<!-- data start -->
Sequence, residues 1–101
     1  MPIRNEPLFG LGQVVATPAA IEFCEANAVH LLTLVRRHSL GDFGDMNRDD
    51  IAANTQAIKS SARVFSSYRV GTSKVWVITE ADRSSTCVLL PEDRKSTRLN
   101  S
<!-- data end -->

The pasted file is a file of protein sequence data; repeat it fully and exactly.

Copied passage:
Sequence, residues 1–101
     1  MPIRNEPLFG LGQVVATPAA IEFCEANAVH LLTLVRRHSL GDFGDMNRDD
    51  IAANTQAIKS SARVFSSYRV GTSKVWVITE ADRSSTCVLL PEDRKSTRLN
   101  S